* Isabel dos Santos among shareholders pushing for growth
* Plans to extend biggest private branch network in Angola
* Awaits licences to start in Brazil, Namibia
By Shrikesh Laxmidas
LUANDA, April 8 (Reuters) - Angola’s Banco BIC, backed by the billionaire daughter of the country’s president and a Portuguese cork tycoon, plans to ramp up its branch network at home while also expanding overseas to operate in four continents, its chief executive said.
Speaking as part of the Reuters Africa Summit, Fernando Teles also said Angola’s banks were ready to finance the oil-rich country’s economic diversification drive, but the private sector needed to do a better job of identifying viable projects.
BIC is Angola’s biggest private bank by branches, its strategy based on building a wide presence across the country to benefit when investment in non-oil sectors like farming starts to deliver growth in regions outside the capital, Luanda.
“We’ve already opened 10 branches this year and are building another 25 to add to the 202 with which we ended 2013,” Teles said. “Our shareholders have backed us to grow and they have the necessary funds to invest when needed.”
BIC’s main rivals are local banks BAI and BPC and the units of Portuguese banks Banco BPI and BES. Mid-sized local banks and new foreign players are also gaining ground, with South Africa’s Standard Bank and London-listed Standard Chartered arriving in recent years.
Isabel dos Santos, daughter of Angolan President Jose Eduardo dos Santos and who ranks as one of the continent’s richest businesswomen, owns a quarter of BIC Angola. Americo Amorim, one of Portugal’s richest men, also owns 25 percent.
BIC also operates in Portugal, where it bought bailed-out bank BPN in 2012 for 40 million euros, giving it a branch network and client base that helped BIC Portugal swing to a profit of 2.5 million in 2013 from losses in the previous years.
BIC is expanding across borders in its own region, having opened an office in Johannesburg in February and requested a licence to operate in Namibia.
“We’re looking at all the countries around us. Sooner or later the Southern African Development Community will be even more interconnected and we have to be ready for the business that will occur in that economic zone,” Teles said, referring to a 15 state organisation forging political and economic links.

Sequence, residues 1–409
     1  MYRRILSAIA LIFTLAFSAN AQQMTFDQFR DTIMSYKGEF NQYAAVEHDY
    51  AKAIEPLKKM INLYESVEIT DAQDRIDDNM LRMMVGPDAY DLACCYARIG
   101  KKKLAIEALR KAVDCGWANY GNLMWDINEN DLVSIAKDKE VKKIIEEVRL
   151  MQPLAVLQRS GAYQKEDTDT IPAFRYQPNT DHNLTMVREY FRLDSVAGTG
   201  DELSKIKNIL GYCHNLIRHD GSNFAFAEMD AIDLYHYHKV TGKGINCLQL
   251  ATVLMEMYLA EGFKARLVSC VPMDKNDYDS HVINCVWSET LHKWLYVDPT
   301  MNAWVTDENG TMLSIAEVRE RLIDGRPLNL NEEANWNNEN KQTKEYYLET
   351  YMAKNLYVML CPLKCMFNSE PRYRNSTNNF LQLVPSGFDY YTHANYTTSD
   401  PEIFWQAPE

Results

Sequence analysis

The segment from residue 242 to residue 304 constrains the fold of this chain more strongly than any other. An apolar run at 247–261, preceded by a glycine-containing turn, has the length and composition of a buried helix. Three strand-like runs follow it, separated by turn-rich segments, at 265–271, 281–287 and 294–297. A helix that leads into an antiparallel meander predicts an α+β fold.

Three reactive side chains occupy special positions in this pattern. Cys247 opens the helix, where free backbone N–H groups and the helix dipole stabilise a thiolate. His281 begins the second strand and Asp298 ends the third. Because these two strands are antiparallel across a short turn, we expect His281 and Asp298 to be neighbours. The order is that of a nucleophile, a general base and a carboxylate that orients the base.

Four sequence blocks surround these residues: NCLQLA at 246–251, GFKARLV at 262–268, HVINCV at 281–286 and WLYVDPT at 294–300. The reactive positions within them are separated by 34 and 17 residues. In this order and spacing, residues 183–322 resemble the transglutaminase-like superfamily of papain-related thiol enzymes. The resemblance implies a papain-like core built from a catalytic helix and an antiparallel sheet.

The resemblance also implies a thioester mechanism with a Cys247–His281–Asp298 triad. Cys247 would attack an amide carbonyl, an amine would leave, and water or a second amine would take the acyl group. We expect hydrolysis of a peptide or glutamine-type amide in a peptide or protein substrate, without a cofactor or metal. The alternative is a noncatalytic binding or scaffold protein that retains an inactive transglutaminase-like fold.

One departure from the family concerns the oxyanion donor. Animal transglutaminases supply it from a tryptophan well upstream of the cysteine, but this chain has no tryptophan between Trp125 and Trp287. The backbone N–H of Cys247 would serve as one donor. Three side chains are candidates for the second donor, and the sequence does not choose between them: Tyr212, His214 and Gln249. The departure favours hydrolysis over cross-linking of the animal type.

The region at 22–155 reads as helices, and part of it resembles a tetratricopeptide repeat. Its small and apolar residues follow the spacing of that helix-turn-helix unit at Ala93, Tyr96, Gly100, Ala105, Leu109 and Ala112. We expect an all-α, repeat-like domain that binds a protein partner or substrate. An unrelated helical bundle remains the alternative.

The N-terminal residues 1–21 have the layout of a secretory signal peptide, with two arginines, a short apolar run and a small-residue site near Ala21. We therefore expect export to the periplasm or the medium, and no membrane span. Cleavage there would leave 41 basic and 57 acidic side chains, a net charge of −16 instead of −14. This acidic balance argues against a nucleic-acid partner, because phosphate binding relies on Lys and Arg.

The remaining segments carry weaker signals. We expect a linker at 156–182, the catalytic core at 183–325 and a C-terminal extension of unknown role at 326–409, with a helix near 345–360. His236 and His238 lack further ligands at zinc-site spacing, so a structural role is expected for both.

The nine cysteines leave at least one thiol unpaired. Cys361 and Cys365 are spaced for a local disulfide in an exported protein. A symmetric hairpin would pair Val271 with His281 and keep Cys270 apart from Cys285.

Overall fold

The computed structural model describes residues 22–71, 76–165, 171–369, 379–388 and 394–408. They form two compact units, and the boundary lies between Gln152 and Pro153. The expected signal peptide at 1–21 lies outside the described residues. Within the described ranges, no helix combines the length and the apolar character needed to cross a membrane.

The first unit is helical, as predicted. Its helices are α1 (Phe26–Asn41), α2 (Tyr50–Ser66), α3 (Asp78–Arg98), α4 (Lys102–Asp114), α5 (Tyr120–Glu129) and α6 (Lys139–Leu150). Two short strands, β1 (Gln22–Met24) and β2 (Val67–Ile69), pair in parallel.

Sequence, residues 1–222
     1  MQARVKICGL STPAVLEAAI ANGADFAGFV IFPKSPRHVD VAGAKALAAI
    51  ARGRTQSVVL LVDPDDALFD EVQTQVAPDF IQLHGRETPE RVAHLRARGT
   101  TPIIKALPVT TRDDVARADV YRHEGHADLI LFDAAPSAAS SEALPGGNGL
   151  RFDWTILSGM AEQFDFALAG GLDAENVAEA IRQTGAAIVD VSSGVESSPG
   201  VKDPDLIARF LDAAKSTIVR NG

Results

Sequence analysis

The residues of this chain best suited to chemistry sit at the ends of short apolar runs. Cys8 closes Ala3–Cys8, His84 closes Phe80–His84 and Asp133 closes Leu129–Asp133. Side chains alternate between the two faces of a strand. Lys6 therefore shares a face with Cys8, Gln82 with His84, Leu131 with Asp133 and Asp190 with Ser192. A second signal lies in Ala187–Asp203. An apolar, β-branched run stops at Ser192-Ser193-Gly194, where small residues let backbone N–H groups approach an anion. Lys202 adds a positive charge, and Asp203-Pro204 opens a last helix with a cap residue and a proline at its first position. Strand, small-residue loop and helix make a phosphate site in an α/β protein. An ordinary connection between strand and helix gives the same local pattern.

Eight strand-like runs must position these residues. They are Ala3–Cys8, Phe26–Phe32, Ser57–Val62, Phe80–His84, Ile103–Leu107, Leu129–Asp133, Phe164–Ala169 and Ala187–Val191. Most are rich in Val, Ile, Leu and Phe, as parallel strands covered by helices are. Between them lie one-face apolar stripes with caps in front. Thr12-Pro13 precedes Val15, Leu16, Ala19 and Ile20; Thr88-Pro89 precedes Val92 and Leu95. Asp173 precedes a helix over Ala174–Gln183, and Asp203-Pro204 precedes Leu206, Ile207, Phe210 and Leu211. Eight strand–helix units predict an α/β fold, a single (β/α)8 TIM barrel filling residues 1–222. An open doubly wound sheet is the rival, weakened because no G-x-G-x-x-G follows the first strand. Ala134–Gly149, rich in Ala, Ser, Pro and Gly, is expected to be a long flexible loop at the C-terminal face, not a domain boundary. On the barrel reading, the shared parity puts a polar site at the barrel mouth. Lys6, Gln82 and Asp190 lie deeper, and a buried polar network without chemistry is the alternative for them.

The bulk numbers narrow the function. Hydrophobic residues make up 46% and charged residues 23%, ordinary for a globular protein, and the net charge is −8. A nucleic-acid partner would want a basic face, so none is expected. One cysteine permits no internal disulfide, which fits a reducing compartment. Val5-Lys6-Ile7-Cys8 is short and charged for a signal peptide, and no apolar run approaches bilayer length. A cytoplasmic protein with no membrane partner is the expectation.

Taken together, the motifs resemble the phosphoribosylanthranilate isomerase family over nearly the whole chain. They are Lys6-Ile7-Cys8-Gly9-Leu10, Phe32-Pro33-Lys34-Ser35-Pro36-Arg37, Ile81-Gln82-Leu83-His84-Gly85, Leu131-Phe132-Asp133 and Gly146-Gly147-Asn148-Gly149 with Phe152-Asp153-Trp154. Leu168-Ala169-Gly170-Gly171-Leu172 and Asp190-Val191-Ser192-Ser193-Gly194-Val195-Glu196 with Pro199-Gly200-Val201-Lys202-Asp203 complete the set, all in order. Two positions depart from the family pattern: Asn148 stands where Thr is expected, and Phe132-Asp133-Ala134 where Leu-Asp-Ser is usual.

He added that BIC planned to open an office in China, which is Angola’s main oil buyer.
In Brazil, where BIC bought BPN’s network, it expects to obtain a licence from the central bank in the next months. BIC plans to open branches in several cities and serve a niche of clients which do business between Brazil, Portugal and Angola.
The bank’s profitability at home means it has capital reserves of $889 million and does not have to rely entirely on its shareholders’ deep pockets to expand.
It posted a 20 percent rise in net profits to $201 million last year, which Teles attributed to the reach of the retail network and lending to state and new sectors.
Loans of $6 billion, up 15 percent from 2012, were evenly split between the private sector and the state.
“We would like to lend more to the private sector, but there have to be credible projects, ones that show the business will work and can repay loans,” Teles said.
Angola has rebuilt after a 27-year civil war ended in 2012, but analysts say the economy is too reliant on the state and on oil production, which is Africa’s highest after Nigeria.
“In Angola there is still so much to be done, various sectors like agriculture, mining and transport have to be developed,” Teles said. “The state has done a lot, built infrastructure, now private business has do its bit.”
Many of Angola’s banks have been hit by a surge in bad loans in the last two years as the economy cooled down from double-digit growth posted up to 2009.
Teles said BIC had controlled the surge by negotiating with clients which had assets to guarantee loan extensions. But he expects smaller players among Angola’s 23 banks may suffer.
“There are too many banks, but it’s nothing that the market cannot absorb,” he said. “Sooner or later there will be small banks in trouble and they will be bought by bigger ones.”
He added that BIC had in the past tried to acquire a smaller bank but the deal fell through. “It’s no drama, there will be other opportunities,” he said.
Follow Reuters Summits on Twitter @Reuters_Summits
For more summit stories, see (Editing by Mark Potter)